Christian faith has appeared to many an easy thing; nay, not a few even reckon it among the social virtues, as it were; and this they do because they have not made proof of it experimentally, and have never tasted of what efficacy it is. For it is not possible for any man to write well about it, or to understand well what is rightly written, who has not at some time tasted of its spirit, under the pressure of tribulation; while he who has tasted of it, even to a very small extent, can never write,
Martin Luther—Concerning Christian Liberty

The Eighth Commandment
Thou shalt not steal.' Exod 20: 15. AS the holiness of God sets him against uncleanness, in the command Thou shalt not commit adultery;' so the justice of God sets him against rapine and robbery, in the command, Thou shalt not steal.' The thing forbidden in this commandment, is meddling with another man's property. The civil lawyers define furtum, stealth or theft to be the laying hands unjustly on that which is another's;' the invading another's right. I. The causes of theft. [1] The internal causes
Thomas Watson—The Ten Commandments

This Doctrine Confirmed by Proofs from Scripture.
1. Some imagine that God elects or reprobates according to a foreknowledge of merit. Others make it a charge against God that he elects some and passes by others. Both refuted, 1. By invincible arguments; 2. By the testimony of Augustine. 2. Who are elected, when, in whom, to what, for what reason. 3. The reason is the good pleasure of God, which so reigns in election that no works, either past or future, are taken into consideration. This proved by notable declarations of one Savior and passages
John Calvin—The Institutes of the Christian Religion

Of the Incapacity of an Unregenerate Person for Relishing the Enjoyments of the Heavenly World.
John iii. 3. John iii. 3. --Except a man be born again, he can not see the kingdom of God. IN order to demonstrate the necessity of regeneration, of which I would fain convince not only your understandings, but your consciences, I am now proving to you, that without it, it is impossible to enter into the kingdom of God; and how weighty a consideration that is I am afterwards to represent. That it is thus impossible, the words in the text do indeed sufficiently prove: but for the further illustration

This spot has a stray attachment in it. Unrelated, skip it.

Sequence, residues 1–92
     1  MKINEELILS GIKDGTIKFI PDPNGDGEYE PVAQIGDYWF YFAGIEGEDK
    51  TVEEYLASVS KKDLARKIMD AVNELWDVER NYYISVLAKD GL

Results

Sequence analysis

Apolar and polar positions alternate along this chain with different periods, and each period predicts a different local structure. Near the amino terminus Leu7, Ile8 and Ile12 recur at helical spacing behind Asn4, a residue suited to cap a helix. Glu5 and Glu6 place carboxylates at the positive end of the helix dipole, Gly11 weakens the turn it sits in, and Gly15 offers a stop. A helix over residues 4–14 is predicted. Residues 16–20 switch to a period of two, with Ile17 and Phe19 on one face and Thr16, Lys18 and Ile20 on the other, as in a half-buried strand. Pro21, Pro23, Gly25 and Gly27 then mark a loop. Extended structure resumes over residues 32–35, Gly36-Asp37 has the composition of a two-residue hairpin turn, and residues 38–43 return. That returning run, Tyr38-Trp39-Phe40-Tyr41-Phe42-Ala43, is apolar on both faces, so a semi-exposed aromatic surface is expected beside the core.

Philip Doddridge—Practical Discourses on Regeneration

Cross References
1 Kings 12:28
Whereupon the king took counsel, and made two calves of gold, and said unto them, It is too much for you to go up to Jerusalem: behold thy gods, O Israel, which brought thee up out of the land of Egypt.

1 Kings 12:29
And he set the one in Bethel, and the other put he in Dan.

Isaiah 24:20
The earth shall reel to and fro like a drunkard, and shall be removed like a cottage; and the transgression thereof shall be heavy upon it; and it shall fall, and not rise again.

Hosea 4:15
Though thou, Israel, play the harlot, yet let not Judah offend; and come not ye unto Gilgal, neither go ye up to Bethaven, nor swear, The LORD liveth.

Hosea 8:5
Thy calf, O Samaria, hath cast thee off; mine anger is kindled against them: how long will it be ere they attain to innocency?

Amos 5:2
The virgin of Israel is fallen; she shall no more rise: she is forsaken upon her land; there is none to raise her up.

Amos 5:5
But seek not Bethel, nor enter into Gilgal, and pass not to Beersheba: for Gilgal shall surely go into captivity, and Bethel shall come to nought.

Jump to Previous
As Beersheba Beer-Sheba Dan Fall Fallen Guilt Life Manner Oaths Rise Samaria Sama'ria Sin Surely Swear Swearing Way
Jump to Next
As Beersheba Beer-Sheba Dan Fall Fallen Guilt Life Manner Oaths Rise Samaria Sama'ria Sin Surely Swear Swearing Way
Links
Amos 8:14 NIV
Amos 8:14 NLT
Amos 8:14 ESV
Amos 8:14 NASB
Amos 8:14 KJV

Amos 8:14 Bible Apps
Amos 8:14 Biblia Paralela
Amos 8:14 Chinese Bible
Amos 8:14 French Bible
Amos 8:14 German Bible

Amos 8:14 Commentaries

Bible Hub
Amos 8:13
Top of Page
Top of Page